ACLU criticizes Missoula legislator’s ‘revenge porn’ bill as too harsh

State Rep. Marilyn Ryan, D-Missoula

(UM Legislative News Service) Montana would be the 42nd state to criminalize nonconsensual pornography if a bill introduced in the Montana Legislature becomes law.

Rep. Marilyn Ryan, D-Missoula, is sponsoring House Bill 192, which would make the distribution of sexual images of people without their consent a felony.

Missoula resident Kristine Hamill supported the bill during the House Judiciary Committee hearing on Monday. She said her husband posted nude photos of her online without her permission for 12 years.

“I’ve had to change everything. I cut off my hair, dyed my hair a different color. I still look over my shoulder when men approach me. Even in stores, I panic. Because, I think, ‘Are they coming to me because they know what I look like naked?’ It’s affected my family,” Hamill said.

Hamill found out her husband was sending the photos in April 2018, and subsequently located her images on various porn websites. She contacted the Missoula City Police Department and left her home with her 11-year-old daughter, seeking refuge with friends and relatives.

According to court documents, Hamill filed a permanent restraining order against her ex-husband in May, which was granted, and recently was allowed to forensically review a laptop on which the images were stored and distributed. A review may uncover other deleted photos and remove ones on websites.

Hamill hopes to copyright her images, she said in an interview last year with the Missoula Current.

“The only way I’m going to be able to get those photos down off some of those sites, is to copyright them. They’ll always be out there, no matter if I get them off because people copy them,” she said. “Even if they change one little thing about the picture, like the size or the color, then it’s hard to find.”

However, because there is no law prohibiting the practice in Montana, Hamill’s former husband wasn’t charged with a crime. And because the photos were older than a year, he avoided even being charged with a misdemeanor, according to court documents.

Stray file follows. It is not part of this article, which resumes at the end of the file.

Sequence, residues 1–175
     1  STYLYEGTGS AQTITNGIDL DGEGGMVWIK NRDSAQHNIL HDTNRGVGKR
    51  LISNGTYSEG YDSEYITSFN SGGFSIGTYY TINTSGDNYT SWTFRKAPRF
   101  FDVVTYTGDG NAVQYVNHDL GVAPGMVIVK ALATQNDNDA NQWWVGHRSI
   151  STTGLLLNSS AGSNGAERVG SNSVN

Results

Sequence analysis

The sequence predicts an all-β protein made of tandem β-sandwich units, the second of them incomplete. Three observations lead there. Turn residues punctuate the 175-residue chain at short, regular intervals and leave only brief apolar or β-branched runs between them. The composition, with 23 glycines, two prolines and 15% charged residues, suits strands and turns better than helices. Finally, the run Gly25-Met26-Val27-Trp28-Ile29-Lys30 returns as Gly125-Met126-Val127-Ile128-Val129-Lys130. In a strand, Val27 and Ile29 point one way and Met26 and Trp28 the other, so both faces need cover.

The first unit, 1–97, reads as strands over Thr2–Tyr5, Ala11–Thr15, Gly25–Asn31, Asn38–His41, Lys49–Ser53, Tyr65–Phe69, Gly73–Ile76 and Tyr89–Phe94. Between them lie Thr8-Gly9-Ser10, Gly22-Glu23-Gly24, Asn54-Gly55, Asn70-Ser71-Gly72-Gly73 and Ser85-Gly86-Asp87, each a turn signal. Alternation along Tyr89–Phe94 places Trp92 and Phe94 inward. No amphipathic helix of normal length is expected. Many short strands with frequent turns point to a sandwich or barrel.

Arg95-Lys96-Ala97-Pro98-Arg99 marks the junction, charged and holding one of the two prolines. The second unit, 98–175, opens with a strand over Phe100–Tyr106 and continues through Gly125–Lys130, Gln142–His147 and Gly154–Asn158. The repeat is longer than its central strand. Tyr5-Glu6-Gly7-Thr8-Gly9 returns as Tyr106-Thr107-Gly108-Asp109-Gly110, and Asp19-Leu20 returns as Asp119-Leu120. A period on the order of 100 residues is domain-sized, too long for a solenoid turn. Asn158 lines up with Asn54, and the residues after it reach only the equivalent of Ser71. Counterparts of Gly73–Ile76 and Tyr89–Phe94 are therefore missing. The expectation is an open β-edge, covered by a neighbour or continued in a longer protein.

S.K. Rossi, advocacy and policy director for the ACLU of Montana. (Tim Pierce/UM Legislative News Service)

At Monday’s hearing in the Capitol, the ACLU’s SK Rossi said while the ACLU agrees Montana needs a revenge porn law, the proposed bill is too harsh.

“I’m not opposed to there being a way to prosecute the people who do this,” Rossi said. “I’m just really adamant that we put some sideboards in there that make sure we’re protecting First Amendment rights and protecting defendant’s rights.”

A bill aimed at criminalizing revenge porn failed to pass the 2017 legislative session. While it moved through the House of Representatives, it failed to pass the final vote in the Senate by a vote of 0 to 50.

Kelsen Young with the Montana Coalition Against Sexual and Domestic Violence said the bill failed because of amendments that wouldn’t protect people who took images of themselves and willingly sent them to partners.

“Even if someone originally consented to the image, we want to make sure those people are covered as well,” said Young.

The committee is scheduled to vote on HB 192 later this week.

Tim Pierce is a reporter with the UM Legislative News Service, a partnership of the University of Montana School of Journalism, the Montana Broadcasters Association, the Greater Montana Foundation and the Montana Newspaper Association.

Missoula woman fights ex’s revenge porn, seeks state law